Admiring though I am of his insight and intellect – and I really do advise you sign up to his regular musings – it left me with a metaphoric hole to fill which happily was remedied by a visit to the Royal Court to see The Low Road, written by Bruce Norris. You may’ve been luck enough to see his last play performed there, Clybourne Park, a brisk, darkly humorous excoriation of racism and property speculation in Chicago, with über-Hobbit Martin Freeman especially impressive. The Low Road fills an even broader canvas, namely the entire history of modern America woven into a neat and devastating parable on the venality of its financial system, with a noxious side-order of religious bigotry and racism. It’s a sprawling, three hour work wryly narrated by a non-judgemental Adam Smith, and it would’ve had even more wallop had it been edited down by 30 minutes, but it had the desired effect of leaving me both highly entertained and very angry.
Coincidentally, novelist Sebastian Faulks vented similar anger in a recent Evening Standard article. As in Norris’s play, he observed that the economic woes caused by a breed of bankers who profited from the naïve trust of their investors hasn’t resulted in a single banker, hedge fund manager or other financial huckster being imprisoned for the misery they’ve caused. He wrote:
“The FSA (Financial Services Authority) which was meant to police the system was too weak to do its job. The ratings agencies misunderstood the products they were rating. The ‘big four’ accountancy firms signed off things they should never have let pass. The ‘magic circle’ law firms helped financial houses construct (their) lethal instruments. Crazed by greed, the traders told us they had spread the risk so thin that it could never come home to roost.”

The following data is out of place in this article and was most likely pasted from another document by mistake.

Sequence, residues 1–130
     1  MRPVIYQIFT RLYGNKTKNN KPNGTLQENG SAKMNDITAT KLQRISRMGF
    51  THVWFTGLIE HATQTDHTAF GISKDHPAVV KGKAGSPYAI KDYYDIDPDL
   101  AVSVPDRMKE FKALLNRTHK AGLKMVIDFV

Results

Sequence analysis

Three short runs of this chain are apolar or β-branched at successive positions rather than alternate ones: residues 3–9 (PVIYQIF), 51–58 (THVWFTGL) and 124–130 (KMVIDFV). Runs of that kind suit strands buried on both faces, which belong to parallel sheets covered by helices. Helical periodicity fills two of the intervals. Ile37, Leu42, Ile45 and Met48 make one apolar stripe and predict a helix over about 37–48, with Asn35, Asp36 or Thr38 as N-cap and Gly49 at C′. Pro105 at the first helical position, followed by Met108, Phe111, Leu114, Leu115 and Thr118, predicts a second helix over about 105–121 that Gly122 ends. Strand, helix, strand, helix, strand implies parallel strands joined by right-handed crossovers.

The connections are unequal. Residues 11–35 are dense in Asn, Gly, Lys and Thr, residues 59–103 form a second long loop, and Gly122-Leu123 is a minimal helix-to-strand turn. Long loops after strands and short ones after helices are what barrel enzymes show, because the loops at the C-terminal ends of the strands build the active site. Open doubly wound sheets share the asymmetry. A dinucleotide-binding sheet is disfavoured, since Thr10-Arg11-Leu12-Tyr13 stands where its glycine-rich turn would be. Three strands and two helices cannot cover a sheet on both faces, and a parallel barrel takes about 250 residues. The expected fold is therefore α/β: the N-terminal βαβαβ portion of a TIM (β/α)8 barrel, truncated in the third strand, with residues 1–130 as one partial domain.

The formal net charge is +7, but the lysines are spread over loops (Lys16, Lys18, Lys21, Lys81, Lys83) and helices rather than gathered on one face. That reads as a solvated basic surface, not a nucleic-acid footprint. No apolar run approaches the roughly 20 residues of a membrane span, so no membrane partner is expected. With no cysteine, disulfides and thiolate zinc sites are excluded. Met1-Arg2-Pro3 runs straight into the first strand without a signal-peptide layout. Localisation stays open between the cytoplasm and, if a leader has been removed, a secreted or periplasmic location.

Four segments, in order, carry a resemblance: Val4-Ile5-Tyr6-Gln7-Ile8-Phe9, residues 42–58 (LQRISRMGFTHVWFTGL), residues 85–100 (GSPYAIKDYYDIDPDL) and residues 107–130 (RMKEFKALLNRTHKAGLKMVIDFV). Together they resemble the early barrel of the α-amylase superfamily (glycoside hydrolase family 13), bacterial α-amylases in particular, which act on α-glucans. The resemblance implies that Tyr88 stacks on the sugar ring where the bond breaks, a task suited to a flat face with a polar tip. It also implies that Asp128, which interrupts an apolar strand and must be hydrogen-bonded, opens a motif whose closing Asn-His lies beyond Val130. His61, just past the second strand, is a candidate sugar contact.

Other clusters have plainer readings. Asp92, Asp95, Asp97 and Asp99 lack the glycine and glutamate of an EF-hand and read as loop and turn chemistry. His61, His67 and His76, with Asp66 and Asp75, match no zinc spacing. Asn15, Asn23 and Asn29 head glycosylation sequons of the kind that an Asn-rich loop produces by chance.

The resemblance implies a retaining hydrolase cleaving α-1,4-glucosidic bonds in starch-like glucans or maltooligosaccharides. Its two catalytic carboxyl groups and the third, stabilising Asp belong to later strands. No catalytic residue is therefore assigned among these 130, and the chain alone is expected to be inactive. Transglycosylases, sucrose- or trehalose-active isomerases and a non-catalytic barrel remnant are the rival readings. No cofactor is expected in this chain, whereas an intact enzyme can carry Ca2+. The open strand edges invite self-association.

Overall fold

Well we now know how wrong they were, with almost everyone who isn’t earning a proverbial mint in the City suffering from the consequences. In a week when the Chancellor substantially shrunk the social welfare safety net to the extent that millions of the poorest will lose out, whilst simultaneously he reduced the tax rates for the richest, we are required to accept that such policies are necessary to ensure the future comfort and prosperity for all.
Then we had Danny Alexander, the Chief Secretary to the Treasury and like his master George Osborne and most of the coalition cabinet, a sleekly-padded upper-class millionaire, telling R4 listeners that lowering the tax rate for high earners would encourage more of them to move to Britain and spend money that would provide employments for others – the same ‘trickle down’ theory that Mrs Thatcher’s last government manifestly proved not to work. On other occasions, Alexander and his cohorts have also defended the apparently obscene bonuses given to executives of the banks that we bailed out and in several cases now largely own, as being essential to preserving Britain, or more particularly London, as a global financial hub vital to the economy. An economy which, although he didn’t mention it, successive Tory (and recent Labour) governments would otherwise have destroyed by letting our manufacturing and energy industries go hang or become owned by foreigners who don’t pay much if any UK tax.
And whilst I don’t want to turn this into a tedious analysis of why this is balderdash, I will say that I just don’t get it.
Personally of course, I’m lucky. I may not earn much, but I don’t pay rent or a mortgage and have no kids to support, but my relentlessly rising cost of living is such that I have to watch very carefully what I spend on utilities, clothing, transport etc. My heart therefore goes out to those less fortunate than me and I believe that all of us would perhaps, possibly, just conceivably be more willing to submit to the strictures of millionaire politicians who understand not a jot what it’s like out in the real world of broken Britain if they brought some of the bankers to book.